Severely injured people often feel unfairly treated by the legal system and are left unsatisfied with the outcome of their claim, a new survey has revealed.

The Spinal Injuries Association polled 136 victims who had made a claim after a catastrophic injury, with two in five saying they were unfairly treated.

Many were upset at the apparent lack of power and influence over the decision-making process, while others complained the legal process was not open, transparent and straight with their interests at heart. There were also complaints about levels of knowledge of their legal team and questions why liability could not be accepted when, for them, it seemed an obvious outcome.

Nearly every respondent wanted the process to be quicker and they could not understand why their case had taken so long.

‘The injury and legal claims process parachutes people who have had total control over their lives overnight into a very alien world,’ said SIA chief executive Sue Browning.

‘The research was clear - it’s time that the system was more compassionate to their situation and put the needs of these vulnerable people centre stage.’

The survey found one-third of victims considered the assessment and support of their needs had been poor. Just 53% had received an interim settlement, which fell to 33% when the claim was against the NHS for clinical negligence.

One in four respondents had no confidence that the compensation they received would meet their lifetime needs.

Victims said in many cases their life was ‘on hold’ while they waited years for a resolution to their claim: in one example a paralysed man described having to ‘camp out’ in his mother’s dining room for seven years without access to a bathroom, kitchen or running water.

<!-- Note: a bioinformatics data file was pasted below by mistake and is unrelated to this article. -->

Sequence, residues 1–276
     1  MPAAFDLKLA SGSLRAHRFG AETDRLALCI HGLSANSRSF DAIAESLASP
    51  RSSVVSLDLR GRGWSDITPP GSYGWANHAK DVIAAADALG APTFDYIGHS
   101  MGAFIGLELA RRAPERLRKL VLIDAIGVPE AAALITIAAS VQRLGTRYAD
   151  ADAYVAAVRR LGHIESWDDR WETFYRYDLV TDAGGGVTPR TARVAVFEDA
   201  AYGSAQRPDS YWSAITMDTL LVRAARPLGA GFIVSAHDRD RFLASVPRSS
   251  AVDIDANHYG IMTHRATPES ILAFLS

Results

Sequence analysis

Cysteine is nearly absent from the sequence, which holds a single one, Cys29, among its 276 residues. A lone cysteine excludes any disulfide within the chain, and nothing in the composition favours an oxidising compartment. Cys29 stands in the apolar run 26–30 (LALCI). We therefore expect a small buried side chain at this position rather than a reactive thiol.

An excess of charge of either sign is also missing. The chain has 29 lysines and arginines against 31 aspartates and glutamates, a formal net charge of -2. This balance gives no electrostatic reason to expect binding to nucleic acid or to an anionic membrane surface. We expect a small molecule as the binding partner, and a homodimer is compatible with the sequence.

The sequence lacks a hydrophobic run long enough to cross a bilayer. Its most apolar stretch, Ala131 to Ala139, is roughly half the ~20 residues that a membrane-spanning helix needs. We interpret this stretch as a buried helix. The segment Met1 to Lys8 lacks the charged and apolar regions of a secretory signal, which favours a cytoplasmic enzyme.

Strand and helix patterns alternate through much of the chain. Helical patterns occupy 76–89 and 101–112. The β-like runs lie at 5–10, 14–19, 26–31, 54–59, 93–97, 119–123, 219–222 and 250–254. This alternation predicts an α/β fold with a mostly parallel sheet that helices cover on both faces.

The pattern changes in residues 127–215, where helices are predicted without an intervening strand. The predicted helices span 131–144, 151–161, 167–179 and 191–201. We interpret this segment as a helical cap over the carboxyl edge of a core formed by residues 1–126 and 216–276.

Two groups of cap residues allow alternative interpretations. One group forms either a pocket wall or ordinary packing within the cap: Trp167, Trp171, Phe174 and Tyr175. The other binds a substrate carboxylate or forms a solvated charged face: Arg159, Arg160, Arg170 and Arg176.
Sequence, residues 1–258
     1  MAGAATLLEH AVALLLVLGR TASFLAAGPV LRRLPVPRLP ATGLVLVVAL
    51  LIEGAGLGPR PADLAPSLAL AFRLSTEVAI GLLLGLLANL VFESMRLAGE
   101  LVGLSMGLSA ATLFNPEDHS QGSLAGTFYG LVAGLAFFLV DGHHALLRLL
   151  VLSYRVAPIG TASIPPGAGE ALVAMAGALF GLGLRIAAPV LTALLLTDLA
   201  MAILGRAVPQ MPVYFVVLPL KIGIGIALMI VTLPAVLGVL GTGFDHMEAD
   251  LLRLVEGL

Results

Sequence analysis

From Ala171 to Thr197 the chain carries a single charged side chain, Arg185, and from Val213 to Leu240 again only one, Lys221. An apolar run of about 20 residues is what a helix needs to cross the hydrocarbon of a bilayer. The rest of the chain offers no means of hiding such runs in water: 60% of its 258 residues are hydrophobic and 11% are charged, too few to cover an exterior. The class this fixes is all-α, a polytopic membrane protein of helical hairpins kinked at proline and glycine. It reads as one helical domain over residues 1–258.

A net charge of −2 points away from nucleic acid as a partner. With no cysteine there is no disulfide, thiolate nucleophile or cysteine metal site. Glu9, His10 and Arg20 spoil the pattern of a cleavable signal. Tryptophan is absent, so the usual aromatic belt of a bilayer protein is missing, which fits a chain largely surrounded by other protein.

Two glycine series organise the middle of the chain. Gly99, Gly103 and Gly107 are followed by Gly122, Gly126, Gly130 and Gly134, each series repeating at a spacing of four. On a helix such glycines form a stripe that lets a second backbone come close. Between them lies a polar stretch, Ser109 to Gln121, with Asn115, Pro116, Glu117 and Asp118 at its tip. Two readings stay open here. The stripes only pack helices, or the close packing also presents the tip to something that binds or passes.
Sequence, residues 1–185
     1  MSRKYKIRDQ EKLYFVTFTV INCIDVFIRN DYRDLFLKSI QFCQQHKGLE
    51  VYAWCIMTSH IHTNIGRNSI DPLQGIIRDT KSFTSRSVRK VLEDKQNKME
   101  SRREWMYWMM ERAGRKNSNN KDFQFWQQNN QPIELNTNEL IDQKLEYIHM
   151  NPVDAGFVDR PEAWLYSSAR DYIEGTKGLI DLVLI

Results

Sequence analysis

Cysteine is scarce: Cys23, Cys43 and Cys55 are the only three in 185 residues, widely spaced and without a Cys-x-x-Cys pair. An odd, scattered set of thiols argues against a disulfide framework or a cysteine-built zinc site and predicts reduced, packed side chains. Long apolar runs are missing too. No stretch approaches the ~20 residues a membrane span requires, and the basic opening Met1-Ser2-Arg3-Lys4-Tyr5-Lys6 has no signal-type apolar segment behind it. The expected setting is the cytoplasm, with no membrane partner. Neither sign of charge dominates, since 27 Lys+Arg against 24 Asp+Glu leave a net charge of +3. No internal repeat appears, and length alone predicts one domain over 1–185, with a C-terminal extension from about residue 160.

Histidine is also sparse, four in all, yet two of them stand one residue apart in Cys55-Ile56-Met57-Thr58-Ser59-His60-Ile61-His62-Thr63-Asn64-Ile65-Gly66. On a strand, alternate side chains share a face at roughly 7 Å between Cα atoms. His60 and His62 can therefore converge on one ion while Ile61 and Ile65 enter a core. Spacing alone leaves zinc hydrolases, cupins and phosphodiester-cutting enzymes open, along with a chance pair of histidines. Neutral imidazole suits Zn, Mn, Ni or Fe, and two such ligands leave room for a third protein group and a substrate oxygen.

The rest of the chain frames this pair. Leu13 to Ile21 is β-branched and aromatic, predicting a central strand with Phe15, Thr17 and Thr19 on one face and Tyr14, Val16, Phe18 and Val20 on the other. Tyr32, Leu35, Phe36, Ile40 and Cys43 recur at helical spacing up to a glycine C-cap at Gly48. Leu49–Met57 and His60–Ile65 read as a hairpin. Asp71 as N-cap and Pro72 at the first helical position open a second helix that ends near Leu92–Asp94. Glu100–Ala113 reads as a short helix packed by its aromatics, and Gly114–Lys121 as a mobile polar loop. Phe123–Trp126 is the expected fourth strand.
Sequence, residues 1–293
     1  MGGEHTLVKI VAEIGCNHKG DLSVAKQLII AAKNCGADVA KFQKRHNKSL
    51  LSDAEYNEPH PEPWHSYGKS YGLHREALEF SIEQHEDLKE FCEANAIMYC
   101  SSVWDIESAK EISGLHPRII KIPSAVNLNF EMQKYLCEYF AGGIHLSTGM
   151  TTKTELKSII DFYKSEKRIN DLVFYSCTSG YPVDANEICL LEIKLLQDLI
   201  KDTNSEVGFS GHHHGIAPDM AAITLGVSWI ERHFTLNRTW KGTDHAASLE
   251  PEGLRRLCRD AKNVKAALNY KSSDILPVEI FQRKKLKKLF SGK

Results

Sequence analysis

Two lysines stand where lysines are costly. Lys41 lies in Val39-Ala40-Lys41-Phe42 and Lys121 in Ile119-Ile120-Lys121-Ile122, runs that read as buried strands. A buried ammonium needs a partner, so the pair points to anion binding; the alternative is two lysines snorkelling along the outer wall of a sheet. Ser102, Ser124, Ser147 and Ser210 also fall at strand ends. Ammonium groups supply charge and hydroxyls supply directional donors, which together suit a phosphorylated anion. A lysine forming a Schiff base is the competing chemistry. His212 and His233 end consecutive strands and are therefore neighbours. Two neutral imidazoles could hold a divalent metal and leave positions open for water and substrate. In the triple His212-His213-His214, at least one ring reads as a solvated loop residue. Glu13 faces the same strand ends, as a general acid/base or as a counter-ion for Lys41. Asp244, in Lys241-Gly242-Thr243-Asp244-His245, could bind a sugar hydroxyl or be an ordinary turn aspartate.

Browing said there was a ‘clear divide’ between respondents who were happy with their claim because their legal team was knowledgeable, experienced and communicative, and those who felt their lawyers lacked these qualities.

‘Many say that the legal experience forced them to face up to the reality of their new unknown in a complex world where they felt at their most vulnerable,’ she said.

‘Spinal cord injury not only leaves people paralysed but it affects all their bodily systems below the level of the injury, so it requires a great deal of practical, psychological and physical adjustment and tragically, they say that the length of the legal process prevents them from being able to come to terms with this and move on.

‘It’s worse for those not receiving interim payments which they describe as their ‘life changer’ in order to get their homes and lives adapted to meet their needs.’

The full results of the survey are being analysed and will be shared with lawyers once lessons are fully understood.

The issue of compensation for serious injuries, as well as the system for processing claims against the NHS, have both become talking points in recent years.

The discount rate, which deducts a percentage from compensation awards based on prospects of investing the money, was changed earlier this year from 2.5% to -0.75%. Claimant groups said this ensured victims are no longer under-compensated.

Meanwhile, the NHS Litigation Authority has been rebranded as NHS Resolution has vowed to improve the way it handles and settles cases.